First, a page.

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Talking With Teens About Tobacco: Talk With Your Teen

  • Critique what teens hear about tobacco. Friends, movies, music, celebrities, or advertising may give teens the impression that tobacco use is sexy, helps lose weight, or can help them fit in. These are myths. Using tobacco is not a sign of maturity, and most adults who started using tobacco as teens later regret it.
  • Highlight the risks.Young people who see smoking or tobacco use as less harmful (or focus on what they see as positive sides to it, such as peer acceptance) are more likely to start using tobacco. Here are some of the short- and long-term risks of smoking (with similar risks for other forms of tobacco use):

Short-Term Effects of Smoking

  • Addiction to nicotine and exposure to other dangerous chemicals
  • Higher likelihood of respiratory problems
  • Shortness of breath
  • Phlegm and a gross-sounding cough
  • Impaired lung growth and function
  • Bad breath, yellow teeth, and stained fingers

Long-Term Effects of Smoking

  • Addiction to nicotine and exposure to other dangerous chemicals
  • Lung, mouth, throat, kidney, and stomach cancers
  • Coronary heart disease
  • Emphysema and other chronic diseases
  • Shorter lifespan (up to 20 years shorter)
  • Foul-smelling clothes and hair
  • Provide accurate information about different forms of tobacco.Cigarettes are the most common form of tobacco use, including tobacco use among teens. But there are other forms of tobacco that teens may try or use. Sometimes they do so, thinking that the health risks or chance of addiction are lower. And though the levels of specific risks vary by type of product, all of these tobacco products contain nicotine and other chemicals, so they are not “safe” alternatives to smoking cigarettes. Other tobacco products include:
    • Smokeless tobacco, including chewing tobacco, snuff, and snus—Most smokeless tobacco users place the product in their cheek or between their gum and cheek, then spit. Snus are small pouches of dry tobacco that are placed between the gum and lip but usually are not spit.
    • Bidis ("bee-dees") and kreteks—Bidis are small, hand-rolled cigarettes typically imported from India and Southeast Asia. They may be flavored (such as chocolate, mango, or strawberry). Kreteks, from Indonesia, are also called clove cigarettes because they include cloves along with tobacco and other additives. These products contain more nicotine, tar, and carbon monoxide than conventional U.S. cigarettes.
    • Cigars, cigarillos, little cigars, and blunts—Most cigars include tobacco that is air-cured or dried, then fermented to give it a different taste and smell. Regular cigars are larger than cigarettes. Little cigars or cigarillos look like cigarettes, but are filled with pipe tobacco. They may be flavored (chocolate or apple, for example) and are sold individually or in packets like cigarettes. Blunts are wide, somewhat stubby versions of cigars. All of these products contain higher levels of nicotine than cigarettes.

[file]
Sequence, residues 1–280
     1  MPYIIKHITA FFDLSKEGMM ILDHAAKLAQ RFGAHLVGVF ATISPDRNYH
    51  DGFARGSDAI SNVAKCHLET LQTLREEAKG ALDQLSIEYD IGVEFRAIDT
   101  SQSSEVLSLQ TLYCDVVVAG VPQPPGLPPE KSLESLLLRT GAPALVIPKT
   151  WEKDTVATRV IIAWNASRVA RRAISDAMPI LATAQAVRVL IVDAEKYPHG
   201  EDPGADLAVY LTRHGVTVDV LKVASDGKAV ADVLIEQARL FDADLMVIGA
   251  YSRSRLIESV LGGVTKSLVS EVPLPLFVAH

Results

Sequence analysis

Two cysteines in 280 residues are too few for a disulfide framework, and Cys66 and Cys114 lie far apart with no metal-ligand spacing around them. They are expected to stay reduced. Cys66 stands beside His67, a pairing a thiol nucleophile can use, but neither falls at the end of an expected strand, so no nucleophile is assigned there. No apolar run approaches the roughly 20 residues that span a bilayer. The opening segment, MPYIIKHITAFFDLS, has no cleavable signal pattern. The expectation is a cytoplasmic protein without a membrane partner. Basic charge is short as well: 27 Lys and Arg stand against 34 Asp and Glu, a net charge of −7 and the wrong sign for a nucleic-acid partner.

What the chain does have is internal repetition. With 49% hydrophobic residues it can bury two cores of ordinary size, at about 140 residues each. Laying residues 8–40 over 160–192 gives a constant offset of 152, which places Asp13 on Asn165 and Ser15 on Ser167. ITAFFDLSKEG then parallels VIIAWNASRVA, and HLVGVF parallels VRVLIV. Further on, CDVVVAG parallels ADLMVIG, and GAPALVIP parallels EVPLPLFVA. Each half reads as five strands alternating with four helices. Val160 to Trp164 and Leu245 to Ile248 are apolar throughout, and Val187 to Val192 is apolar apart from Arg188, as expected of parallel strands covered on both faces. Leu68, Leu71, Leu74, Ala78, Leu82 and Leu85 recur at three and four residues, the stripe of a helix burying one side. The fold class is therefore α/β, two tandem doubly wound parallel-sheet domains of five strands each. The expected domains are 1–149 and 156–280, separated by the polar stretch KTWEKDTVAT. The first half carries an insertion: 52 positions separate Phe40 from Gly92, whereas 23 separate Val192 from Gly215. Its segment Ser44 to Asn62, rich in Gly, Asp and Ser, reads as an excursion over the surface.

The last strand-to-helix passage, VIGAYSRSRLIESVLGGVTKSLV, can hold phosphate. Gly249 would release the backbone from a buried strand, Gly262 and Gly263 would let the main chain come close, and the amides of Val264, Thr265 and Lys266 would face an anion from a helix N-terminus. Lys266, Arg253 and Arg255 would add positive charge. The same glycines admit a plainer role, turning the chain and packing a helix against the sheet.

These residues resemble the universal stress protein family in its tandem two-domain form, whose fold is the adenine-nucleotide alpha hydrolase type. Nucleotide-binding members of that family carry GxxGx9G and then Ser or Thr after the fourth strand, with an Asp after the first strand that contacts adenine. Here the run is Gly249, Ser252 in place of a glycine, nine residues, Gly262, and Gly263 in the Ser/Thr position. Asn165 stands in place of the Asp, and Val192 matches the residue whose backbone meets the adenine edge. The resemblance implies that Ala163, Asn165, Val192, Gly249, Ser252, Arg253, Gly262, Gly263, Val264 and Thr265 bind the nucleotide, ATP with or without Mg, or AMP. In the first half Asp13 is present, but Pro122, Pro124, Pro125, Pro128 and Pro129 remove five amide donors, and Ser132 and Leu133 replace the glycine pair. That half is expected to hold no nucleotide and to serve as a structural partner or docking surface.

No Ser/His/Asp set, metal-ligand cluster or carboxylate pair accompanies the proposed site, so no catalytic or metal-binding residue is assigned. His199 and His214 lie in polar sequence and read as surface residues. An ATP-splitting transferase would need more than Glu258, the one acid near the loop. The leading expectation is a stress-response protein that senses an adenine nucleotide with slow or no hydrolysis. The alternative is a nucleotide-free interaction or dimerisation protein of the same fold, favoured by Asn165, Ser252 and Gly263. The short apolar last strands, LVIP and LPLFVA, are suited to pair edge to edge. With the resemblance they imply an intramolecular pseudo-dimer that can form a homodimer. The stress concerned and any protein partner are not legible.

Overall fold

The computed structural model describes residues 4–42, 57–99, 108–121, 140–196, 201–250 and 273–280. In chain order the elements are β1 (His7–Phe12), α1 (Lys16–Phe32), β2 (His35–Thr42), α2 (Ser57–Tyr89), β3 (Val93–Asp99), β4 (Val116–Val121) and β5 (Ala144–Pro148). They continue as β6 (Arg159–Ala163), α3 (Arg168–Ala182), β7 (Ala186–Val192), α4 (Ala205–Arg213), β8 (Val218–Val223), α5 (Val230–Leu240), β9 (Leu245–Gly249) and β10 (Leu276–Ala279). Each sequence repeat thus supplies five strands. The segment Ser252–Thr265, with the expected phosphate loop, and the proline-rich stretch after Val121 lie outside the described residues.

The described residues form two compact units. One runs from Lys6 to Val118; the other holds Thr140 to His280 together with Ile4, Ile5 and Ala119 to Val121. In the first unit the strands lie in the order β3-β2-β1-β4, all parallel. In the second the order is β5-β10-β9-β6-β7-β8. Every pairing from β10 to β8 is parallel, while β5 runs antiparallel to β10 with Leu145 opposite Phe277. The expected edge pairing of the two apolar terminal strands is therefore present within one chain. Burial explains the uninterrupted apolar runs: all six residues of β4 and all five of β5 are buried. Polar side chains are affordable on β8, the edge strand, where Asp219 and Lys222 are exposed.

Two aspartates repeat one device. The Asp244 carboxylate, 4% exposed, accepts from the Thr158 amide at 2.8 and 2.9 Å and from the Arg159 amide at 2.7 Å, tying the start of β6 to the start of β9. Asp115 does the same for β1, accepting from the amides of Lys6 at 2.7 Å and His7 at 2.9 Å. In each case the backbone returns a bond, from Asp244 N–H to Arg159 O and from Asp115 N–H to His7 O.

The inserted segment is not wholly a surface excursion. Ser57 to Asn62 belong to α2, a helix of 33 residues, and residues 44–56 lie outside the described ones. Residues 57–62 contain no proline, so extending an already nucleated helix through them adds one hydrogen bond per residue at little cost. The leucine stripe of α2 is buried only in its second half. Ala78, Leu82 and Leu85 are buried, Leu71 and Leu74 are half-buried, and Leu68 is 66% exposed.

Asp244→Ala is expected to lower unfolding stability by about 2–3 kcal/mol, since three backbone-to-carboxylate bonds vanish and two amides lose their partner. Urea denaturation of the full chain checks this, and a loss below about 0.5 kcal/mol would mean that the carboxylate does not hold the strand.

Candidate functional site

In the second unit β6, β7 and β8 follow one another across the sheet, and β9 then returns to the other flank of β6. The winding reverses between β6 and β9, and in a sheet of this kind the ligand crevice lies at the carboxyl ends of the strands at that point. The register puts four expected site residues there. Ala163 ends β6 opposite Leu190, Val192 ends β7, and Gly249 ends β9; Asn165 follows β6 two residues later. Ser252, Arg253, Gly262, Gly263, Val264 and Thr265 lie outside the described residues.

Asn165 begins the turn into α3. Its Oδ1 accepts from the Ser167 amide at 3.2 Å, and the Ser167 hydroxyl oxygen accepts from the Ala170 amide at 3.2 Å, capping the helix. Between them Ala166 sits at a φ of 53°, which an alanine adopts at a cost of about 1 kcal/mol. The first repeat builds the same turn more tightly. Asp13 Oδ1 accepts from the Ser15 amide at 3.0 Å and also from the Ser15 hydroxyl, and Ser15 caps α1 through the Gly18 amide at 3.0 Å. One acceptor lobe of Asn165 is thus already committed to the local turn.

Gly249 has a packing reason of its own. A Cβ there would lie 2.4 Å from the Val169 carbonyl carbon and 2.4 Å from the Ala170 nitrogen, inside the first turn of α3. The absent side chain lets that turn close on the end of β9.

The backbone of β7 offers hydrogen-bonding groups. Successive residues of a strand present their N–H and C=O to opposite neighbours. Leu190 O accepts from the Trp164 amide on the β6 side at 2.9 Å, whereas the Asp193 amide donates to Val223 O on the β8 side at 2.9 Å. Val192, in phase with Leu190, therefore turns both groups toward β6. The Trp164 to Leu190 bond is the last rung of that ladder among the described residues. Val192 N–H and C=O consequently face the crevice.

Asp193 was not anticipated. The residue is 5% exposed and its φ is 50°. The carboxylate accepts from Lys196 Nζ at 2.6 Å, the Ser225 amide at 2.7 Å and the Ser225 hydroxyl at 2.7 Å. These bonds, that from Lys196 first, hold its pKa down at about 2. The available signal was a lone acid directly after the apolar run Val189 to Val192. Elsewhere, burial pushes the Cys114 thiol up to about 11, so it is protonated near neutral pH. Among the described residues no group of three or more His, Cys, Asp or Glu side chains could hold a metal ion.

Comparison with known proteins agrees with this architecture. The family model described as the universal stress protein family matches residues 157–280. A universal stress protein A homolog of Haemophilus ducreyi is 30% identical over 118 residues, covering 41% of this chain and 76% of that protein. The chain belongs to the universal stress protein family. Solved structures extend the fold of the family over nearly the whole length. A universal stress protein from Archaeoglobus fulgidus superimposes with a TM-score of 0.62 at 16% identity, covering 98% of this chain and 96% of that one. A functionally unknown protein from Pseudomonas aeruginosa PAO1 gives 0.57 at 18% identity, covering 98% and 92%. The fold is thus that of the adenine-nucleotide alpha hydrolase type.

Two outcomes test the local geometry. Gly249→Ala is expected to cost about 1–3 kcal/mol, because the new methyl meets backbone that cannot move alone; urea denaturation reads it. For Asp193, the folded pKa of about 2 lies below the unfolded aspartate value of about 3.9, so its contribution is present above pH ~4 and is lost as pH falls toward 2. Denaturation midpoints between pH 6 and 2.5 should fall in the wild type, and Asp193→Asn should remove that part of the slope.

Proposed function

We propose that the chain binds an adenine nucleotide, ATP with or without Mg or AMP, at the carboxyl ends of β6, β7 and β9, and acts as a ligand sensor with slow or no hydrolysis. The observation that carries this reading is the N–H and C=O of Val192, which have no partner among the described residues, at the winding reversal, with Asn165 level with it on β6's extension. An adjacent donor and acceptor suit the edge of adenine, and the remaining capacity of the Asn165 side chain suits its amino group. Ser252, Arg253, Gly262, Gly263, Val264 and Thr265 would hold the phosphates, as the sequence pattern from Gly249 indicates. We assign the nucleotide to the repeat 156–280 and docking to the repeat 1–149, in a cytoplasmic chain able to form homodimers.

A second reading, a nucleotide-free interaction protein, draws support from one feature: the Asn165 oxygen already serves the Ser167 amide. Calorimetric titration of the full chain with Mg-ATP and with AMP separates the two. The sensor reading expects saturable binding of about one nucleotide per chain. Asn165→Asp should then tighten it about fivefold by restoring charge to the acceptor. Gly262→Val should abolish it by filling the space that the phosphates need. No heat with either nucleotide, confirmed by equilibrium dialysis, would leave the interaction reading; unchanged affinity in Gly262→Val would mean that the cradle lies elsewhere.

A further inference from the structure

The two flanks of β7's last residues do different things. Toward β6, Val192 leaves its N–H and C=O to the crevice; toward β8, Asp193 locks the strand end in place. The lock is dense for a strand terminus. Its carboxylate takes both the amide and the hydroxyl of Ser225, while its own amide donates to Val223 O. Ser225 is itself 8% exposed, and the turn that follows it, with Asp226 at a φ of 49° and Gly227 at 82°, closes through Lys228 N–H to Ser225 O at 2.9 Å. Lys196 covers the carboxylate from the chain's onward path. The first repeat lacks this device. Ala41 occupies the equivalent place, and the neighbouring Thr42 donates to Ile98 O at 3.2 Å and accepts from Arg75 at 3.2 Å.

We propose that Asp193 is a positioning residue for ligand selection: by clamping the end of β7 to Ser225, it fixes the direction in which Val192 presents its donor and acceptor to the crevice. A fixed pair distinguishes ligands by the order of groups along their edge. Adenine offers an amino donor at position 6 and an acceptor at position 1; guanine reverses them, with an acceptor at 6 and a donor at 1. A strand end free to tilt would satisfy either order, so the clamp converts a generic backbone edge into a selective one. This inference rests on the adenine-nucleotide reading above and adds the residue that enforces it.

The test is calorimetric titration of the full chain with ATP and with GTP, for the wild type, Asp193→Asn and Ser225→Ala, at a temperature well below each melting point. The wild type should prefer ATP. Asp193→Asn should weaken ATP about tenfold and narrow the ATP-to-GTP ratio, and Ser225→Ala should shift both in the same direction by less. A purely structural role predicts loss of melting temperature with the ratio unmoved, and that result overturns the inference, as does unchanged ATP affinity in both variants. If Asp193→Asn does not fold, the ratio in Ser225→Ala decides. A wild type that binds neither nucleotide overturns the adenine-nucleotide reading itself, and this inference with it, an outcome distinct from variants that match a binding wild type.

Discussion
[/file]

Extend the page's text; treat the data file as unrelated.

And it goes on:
• Pipes—Pipes use loose, fermented tobacco that sits in a chamber or bowl and is inhaled through a mouthpiece.
    • Hookah or water pipe—This pipe, originally from India and the Middle East, is used to smoke a combination of tobacco and fruits or vegetables (called Shisha) that is heated and filtered through water.
    • Electronic cigarettes or E-cigarettes—E-cigarettes are battery-powered devices that turn nicotine and other chemicals into a vapor that the user inhales. E-cigarettes often look like regular cigarettes, but they do not produce smoke or burn tobacco. They do, however, contain nicotine and other chemicals.
    • Dissolvable tobacco—Dissolvable tobacco is finely processed to use on strips, sticks, orbs, or tobacco lozenges. They can look like a breath mint or candy. They contain nicotine and other chemicals.
  • Find teachable moments. If it’s hard to talk about tobacco with your teen, try these ideas to make it easier:
    • If your teen is going to be where tobacco might be used, talk about how to deal with the situation.
    • Comment on an advertisement or TV show that shows someone smoking.
    • If you see someone using tobacco—such as a relative at a family gathering or one of your own friends—ask your teen what he thinks about it.
    • Discuss rules about tobacco use at the school or on sports teams.

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Content created by Office of Adolescent Health
Content last reviewed on July 2, 2019